Tuesday, October 28, 2014

If... Poverty in the US

We're a long, long way from erasing poverty in the US. Not even close yet.

That said, if I'm glad that something like 10 million of my fellow citizens — who couldn't afford health insurance in the past — are now covered (with real coverage, not just the old laws that prohibited poor people from being turned away by hospital emergency departments) — then why would I vote for someone who wants to return those citizens to higher risk and expose taxpayers to the greater costs associated with emergency-room-only health crisis interventions (because somebody pays for the costs of health care for uninsured people)?

We're not even close to addressing the systemic issues that contribute to poverty in the US, but we've taken the first steps to remove inadequate health care from the list of factors that can plunge people into poverty and keep them there. So why wouldn't I get out on November 4th to vote for someone...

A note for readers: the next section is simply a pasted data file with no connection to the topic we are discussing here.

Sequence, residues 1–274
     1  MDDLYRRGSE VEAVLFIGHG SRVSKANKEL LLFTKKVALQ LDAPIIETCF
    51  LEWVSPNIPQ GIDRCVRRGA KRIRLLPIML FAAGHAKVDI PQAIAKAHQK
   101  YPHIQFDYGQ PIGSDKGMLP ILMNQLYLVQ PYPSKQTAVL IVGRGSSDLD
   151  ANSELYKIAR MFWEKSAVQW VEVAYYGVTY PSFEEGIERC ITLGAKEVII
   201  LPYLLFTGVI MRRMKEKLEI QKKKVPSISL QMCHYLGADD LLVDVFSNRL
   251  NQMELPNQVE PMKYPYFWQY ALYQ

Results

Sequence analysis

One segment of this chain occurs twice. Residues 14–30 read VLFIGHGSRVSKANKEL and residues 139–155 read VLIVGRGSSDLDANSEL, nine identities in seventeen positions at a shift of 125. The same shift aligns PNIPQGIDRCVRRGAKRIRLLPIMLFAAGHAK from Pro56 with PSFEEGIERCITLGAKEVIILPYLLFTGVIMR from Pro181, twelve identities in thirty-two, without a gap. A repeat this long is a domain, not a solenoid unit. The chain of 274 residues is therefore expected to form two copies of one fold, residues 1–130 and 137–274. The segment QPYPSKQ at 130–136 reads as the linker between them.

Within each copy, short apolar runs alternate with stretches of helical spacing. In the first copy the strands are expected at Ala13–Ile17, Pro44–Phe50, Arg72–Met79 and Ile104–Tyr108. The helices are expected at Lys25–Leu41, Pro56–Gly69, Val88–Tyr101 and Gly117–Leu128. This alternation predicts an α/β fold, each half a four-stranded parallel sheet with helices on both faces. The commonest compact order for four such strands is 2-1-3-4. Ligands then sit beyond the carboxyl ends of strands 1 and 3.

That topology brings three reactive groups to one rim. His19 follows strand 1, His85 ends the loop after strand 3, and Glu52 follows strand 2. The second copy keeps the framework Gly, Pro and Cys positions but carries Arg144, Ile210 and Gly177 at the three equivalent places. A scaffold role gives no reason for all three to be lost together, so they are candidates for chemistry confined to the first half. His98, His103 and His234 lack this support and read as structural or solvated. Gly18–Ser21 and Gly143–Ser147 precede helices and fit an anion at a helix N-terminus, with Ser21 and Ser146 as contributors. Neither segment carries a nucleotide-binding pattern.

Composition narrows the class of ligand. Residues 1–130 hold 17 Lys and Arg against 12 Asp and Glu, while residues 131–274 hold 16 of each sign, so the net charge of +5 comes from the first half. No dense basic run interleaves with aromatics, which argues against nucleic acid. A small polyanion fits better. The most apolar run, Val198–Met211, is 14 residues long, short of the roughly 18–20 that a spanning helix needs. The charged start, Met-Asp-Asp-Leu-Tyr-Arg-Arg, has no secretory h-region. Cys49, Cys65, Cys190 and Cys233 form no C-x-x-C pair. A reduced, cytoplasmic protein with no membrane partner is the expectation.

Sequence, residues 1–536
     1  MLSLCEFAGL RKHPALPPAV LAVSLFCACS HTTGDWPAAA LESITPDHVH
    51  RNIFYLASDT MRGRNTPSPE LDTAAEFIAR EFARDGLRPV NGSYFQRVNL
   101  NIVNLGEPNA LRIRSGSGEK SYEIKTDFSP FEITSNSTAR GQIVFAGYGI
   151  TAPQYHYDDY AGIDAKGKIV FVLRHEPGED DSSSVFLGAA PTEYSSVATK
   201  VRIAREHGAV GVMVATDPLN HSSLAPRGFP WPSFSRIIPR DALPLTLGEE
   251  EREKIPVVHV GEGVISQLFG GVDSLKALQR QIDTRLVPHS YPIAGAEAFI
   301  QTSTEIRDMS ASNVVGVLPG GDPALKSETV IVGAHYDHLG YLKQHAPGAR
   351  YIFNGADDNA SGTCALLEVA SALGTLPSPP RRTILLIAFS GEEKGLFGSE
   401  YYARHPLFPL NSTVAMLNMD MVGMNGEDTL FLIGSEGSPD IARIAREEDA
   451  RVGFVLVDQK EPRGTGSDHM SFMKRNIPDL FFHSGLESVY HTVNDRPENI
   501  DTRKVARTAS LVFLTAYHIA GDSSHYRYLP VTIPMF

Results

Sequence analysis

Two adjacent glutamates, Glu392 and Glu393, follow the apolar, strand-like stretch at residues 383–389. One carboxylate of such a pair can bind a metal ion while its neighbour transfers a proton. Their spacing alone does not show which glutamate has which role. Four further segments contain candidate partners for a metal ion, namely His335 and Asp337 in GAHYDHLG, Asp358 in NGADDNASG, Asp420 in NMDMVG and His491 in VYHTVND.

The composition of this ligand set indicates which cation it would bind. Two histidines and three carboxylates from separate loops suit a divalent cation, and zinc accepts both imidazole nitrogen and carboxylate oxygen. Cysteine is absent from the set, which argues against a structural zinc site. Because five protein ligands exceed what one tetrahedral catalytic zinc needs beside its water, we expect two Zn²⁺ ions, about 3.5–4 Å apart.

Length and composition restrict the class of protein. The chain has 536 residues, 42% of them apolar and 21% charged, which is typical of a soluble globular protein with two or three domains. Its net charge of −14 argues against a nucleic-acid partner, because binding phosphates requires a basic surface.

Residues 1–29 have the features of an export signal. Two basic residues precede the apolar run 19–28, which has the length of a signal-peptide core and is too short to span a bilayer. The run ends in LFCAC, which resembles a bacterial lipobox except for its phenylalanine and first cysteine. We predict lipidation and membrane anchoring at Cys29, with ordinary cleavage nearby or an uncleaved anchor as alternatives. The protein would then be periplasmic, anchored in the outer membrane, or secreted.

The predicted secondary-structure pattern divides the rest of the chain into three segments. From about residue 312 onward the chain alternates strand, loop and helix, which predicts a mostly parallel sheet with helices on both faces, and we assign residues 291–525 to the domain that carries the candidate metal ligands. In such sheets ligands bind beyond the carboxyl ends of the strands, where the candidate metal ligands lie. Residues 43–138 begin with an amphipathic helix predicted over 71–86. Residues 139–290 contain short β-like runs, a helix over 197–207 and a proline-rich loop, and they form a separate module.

• who doesn't believe that poverty is inevitable
  • who doesn't assume every poor person is a moral failure
  • who is willing to work for an America where we refuse to bow to problems that are solvable when we work together
...seriously: why wouldn't I?

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